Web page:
Prior to voting on the purchase resolution, Rutherford and city councilmembers discussed the project.

COUNCILMEMBER JAKE FEY: An individual looking at the agenda . . . would see that the second-place contractor, their bid was actually a million dollars less than the winning bid. And, of course, money’s very important now. A million dollars is important any time. I was provided with sort a summary review of the evaluation. I wonder if maybe [Public Works project manager Tom] Rutherford would comment in terms of what were the salient points of the decision made by the committee that reviewed and selected this particular contractor.

PUBLIC WORKS PROJECT MANAGER TOM RUTHERFORD: This was a design-build procurement, and one of the things we look at in design-build is best value for the city. The things that we looked at [were] technical requirements and cost proposal. In the technical area, the firm that we selected scored the highest, and there were several issues there. [PCL Construction Services] provided a much more detailed proposal, which allowed us to evaluate the criteria that they were going to meet. Several of those were the bridge sufficiency rating, load-rating, long-term costs, [and] benefit analysis. Those are the things we looked at. [PCL Construction Services] provided information that allowed us to check to see that they could meet that. The other firm just told us they were going to meet it. [Advanced American Construction] did provide better load-rating factors and bridge sufficiency ratings. Bridge sufficiency rating goes from zero to 100 — zero being it’s falling down, 100 being it’s in very good shape. The Murray Morgan Bridge right now is 2. So it’s not very good shape. But both firms were able to provide a bridge sufficiency rating over 80, PCL provided a higher rating, provided a higher load-rating. The bridge sufficiency rating is important because that’s how [it qualifies for] future federal grants. So that was a very important factor in our determination. There were several other issues. [PCL Construction Services] provided what we call a much more robust design. We think it will lead to a longer lifespan for the bridge, lower life-cycle costs, [and] lower [operations and maintenance] costs. One of the problems we have right now is it’s very hard to get down to inspect the bridge. You essentially have to rappel down or use a U-bit truck. [PCL Construction Services] provided access ways for us to get down and inspect and maintain the bridge. So I think this will lead to a [operations and maintenance] cost for the city. So overall, we didn’t quantify the exact number, but I believe in the long run cost differential is not a factor.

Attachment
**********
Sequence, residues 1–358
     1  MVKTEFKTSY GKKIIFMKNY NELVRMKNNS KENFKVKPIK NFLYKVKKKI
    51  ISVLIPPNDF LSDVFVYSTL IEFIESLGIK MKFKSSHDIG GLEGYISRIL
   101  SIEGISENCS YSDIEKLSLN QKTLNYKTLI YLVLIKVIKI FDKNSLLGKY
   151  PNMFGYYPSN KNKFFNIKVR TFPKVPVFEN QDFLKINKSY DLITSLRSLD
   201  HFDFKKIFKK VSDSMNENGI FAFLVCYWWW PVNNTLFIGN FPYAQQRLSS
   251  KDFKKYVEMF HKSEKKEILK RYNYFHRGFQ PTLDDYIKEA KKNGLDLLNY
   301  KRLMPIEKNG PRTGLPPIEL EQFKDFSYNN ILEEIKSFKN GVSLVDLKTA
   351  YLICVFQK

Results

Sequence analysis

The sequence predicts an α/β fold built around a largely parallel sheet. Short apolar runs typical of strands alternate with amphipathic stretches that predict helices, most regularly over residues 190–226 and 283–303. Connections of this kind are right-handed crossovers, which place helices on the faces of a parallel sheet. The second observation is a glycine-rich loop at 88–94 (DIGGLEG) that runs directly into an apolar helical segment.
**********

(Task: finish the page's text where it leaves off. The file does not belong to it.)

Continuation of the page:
COUNCILMEMBER FEY: Can you talk about what people can expect in terms of access on the bridge?

RUTHERFORD: Yes. Later this week, probably Friday, we’ll be erecting fences on both ends of the bridge. You will still be able to access the bridge from Dock Street up to the top. You’ll still be able to use those stairs. But people will not be able to walk across the bridge anymore. We are going to raise the bridge — probably Monday — and lock it in position about 35 feet above where it normally is now. This will allow . . . all the boats that are in the south end of [Thea Foss Waterway] to pass without us having to raise the bridge.

MAYOR MARILYN STRICKLAND: One of my constituents wrote [in] an e-mail [they] ride the bus and walk across the bridge to get to work. I asked [someone in the] Public Works Department about why we have to leave [the Murray Morgan Bridge] in the upright position, and he said it was related to the U.S. Coast Guard telling us that’s what we had to do. Could you elaborate on that?

RUTHERFORD: Correct. Thea Foss waterway is a navigable waterway. It’s regulated by the coast guard. They’ve been very good in working with us during this period. But essentially marine vessels have priority over pedestrians and cars. We do have to raise the bridge.

Tacoma's Murray Morgan Bridge. (FILE PHOTO BY TODD MATTHEWS)

To read the Tacoma Daily Index‘s complete and comprehensive coverage of the Murray Morgan Bridge rehabilitation, click on the following links: